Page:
In observing the world today, it is often easy to get lost in the narrative of whichever side you happen to be on, or whatever society you happened to be born into. We’re usually stuck in a forest and the nearest tree blocks half of our view.
I’d like to take this opportunity to take a few (or more than a few) steps back (or up) and look at the entirety of the political debate that is unfolding in front of our eyes.
First, let me start with a non-trivial premise. There’s a species of ape, which possesses unique intelligence, consciousness, and free will. This ape has learned how to apply these talents to its environment, causing the environment to adapt to the ape — all other species only adapt to their environment, but for this one species of ape, the adaptation is bidirectional.
This process of environmental adaptation has been unfolding for approximately 2,000,000 years. For the majority of this time, the ape in question lived in small groups of somewhere between 50 and 150 individuals, in a hunting-and-gathering environment that could not support larger groups.
Approximately 10,000 years ago, some individuals within this ape species have development a new technology (agriculture) that allowed large surpluses to occur and accumulate in particular locations. This caused larger numbers of individuals to settle in proximity to one another and form larger social groups, which further necessitated some adaptation in the way individuals of this ape species interact with one another.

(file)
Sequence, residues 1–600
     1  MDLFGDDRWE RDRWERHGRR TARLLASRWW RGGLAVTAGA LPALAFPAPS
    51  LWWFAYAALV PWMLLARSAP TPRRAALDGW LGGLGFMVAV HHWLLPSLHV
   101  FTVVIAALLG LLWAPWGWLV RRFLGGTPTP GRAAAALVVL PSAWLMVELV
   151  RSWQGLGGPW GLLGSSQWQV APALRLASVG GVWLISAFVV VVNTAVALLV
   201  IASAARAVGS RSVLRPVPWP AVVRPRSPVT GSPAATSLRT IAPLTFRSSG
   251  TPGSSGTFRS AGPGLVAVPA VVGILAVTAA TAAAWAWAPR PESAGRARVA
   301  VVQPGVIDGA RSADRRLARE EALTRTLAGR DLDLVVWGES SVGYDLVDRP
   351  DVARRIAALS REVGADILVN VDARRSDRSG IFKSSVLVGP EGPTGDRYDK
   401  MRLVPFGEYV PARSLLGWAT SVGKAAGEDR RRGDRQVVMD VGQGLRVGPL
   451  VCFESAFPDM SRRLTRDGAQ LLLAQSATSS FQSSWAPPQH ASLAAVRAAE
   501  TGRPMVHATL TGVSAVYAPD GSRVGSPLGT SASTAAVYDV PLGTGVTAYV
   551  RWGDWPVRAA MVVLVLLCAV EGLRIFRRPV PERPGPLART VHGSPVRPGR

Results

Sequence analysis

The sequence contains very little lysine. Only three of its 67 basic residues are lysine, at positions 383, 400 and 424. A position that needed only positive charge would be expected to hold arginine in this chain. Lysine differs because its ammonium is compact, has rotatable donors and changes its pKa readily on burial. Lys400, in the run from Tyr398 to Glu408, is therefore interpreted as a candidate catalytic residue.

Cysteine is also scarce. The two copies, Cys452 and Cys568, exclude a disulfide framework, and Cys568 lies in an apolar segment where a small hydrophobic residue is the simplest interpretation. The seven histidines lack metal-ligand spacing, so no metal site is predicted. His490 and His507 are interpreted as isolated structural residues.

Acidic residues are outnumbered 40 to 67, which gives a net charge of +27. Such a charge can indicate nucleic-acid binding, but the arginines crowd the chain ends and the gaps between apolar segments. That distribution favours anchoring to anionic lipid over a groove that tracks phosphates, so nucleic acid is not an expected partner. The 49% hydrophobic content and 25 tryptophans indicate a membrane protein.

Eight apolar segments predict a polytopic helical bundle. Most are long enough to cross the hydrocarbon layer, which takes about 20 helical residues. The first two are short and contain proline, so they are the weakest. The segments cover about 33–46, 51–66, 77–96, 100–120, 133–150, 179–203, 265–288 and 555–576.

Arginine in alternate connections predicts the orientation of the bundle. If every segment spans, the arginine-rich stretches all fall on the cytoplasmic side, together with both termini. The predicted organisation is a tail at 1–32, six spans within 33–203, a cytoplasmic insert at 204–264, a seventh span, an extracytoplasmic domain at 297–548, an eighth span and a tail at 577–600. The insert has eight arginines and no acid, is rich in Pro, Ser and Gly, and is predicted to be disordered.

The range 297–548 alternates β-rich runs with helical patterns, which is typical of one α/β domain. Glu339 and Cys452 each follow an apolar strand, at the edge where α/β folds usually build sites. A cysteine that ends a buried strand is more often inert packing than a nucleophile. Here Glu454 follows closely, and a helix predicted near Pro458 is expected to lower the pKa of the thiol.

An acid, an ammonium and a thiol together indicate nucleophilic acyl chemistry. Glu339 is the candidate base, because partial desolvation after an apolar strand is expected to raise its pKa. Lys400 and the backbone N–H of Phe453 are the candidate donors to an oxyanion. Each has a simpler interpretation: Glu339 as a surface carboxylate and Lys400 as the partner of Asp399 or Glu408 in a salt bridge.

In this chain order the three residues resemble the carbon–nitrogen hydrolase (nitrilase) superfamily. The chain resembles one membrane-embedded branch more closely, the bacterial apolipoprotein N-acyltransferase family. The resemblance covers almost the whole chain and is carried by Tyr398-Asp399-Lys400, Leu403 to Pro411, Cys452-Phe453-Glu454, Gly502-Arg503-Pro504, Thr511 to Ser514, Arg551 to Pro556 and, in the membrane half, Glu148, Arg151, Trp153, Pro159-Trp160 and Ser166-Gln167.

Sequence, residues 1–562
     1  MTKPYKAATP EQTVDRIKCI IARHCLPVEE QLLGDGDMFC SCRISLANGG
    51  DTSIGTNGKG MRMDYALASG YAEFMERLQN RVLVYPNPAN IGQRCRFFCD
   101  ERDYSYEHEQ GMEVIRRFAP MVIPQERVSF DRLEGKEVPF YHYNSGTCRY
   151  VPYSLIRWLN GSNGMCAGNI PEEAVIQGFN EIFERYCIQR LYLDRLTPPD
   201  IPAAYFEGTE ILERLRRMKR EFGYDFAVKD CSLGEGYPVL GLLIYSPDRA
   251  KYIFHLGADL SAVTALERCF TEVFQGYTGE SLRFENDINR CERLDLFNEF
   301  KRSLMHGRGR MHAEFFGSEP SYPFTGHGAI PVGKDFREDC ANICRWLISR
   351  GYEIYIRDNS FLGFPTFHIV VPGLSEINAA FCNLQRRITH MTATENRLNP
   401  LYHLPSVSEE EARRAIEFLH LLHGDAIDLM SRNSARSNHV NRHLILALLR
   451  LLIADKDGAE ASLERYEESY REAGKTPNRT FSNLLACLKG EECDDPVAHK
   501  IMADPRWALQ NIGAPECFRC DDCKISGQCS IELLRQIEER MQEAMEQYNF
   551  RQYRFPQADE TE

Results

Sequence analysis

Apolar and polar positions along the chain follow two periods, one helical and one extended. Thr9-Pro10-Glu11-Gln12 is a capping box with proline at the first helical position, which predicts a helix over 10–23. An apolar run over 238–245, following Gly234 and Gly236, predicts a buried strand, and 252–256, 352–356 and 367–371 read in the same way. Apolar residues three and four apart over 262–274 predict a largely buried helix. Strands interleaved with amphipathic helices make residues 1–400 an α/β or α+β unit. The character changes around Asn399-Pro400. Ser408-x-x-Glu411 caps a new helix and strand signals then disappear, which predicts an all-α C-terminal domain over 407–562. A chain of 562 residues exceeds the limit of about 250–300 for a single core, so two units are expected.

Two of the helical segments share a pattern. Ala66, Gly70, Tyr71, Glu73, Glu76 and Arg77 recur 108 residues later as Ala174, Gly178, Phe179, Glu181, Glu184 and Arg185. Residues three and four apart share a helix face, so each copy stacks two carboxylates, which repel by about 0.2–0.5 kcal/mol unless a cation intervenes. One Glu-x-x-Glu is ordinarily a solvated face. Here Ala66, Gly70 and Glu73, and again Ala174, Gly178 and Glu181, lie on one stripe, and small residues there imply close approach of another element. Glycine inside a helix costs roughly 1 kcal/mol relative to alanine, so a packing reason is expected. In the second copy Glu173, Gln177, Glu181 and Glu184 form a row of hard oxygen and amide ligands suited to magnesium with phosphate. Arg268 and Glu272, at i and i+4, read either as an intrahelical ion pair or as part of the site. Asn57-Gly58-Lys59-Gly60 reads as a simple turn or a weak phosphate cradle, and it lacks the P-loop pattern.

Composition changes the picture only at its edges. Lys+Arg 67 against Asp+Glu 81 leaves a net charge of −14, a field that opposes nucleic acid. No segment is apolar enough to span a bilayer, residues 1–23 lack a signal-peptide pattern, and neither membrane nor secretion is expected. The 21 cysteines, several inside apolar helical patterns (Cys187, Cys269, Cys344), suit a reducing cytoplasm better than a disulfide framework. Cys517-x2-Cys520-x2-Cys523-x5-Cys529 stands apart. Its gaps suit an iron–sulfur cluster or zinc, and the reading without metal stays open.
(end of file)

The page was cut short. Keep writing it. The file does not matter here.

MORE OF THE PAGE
During these last 10,000 years, there have been further adaptations of the same variety, i.e.
New technology -> Surplus -> Increase in group size -> New social features.
What I’d like to explore in this article is how some of these transitions, from an older form of social interaction to a newer form of social interaction, have left a “bug” in our minds that still manifests itself in our politics every day.
Xenophobia / Racism / Patriotism / Nationalism
Let’s start with the easiest one to tackle. For 1,990,000 of the 2,000,000 years of our existence as a distinct “branch” of evolution, we’ve lived in small tribes where everyone was related to one another. Any member of our own tribe was our kin; our flesh and blood. Any member of another tribe was automatically our mortal enemy — unless we could somehow find a way in which we are related. This is still true today in hunter-gatherer societies across the world (Papua New Guinea, Amazonas, etc).
It appears that as humans transitioned from bands and tribes to larger groups, this feature was never fully adjusted to fit the new environment. The “belonging” that we all felt to our tribe of relatives has been misappropriated by city-states, and then by nation-states, and finally by “races” of people from a particular continent — even though the others members of these larger groups are not only unrelated, but mostly unfamiliar to us.
This division of the world into “our kin” and “our enemies” is a feature we’ve been carrying with us from hunter-gatherer times, when the group we belonged to actually corresponded to something meaningful. Today we still have actual kin and actual relatives, but most of us apply the dividing line between “our kin” and “our enemies” much farther from ourselves — i.e. at the race or nation or city level.
Rappers sing about their city and area code; not their extended family. UFC fighters shout about their country after big victories, not the tight-knit group of friends they live and train with every day.
A mental feature became a mental bug.
Socialism / Communism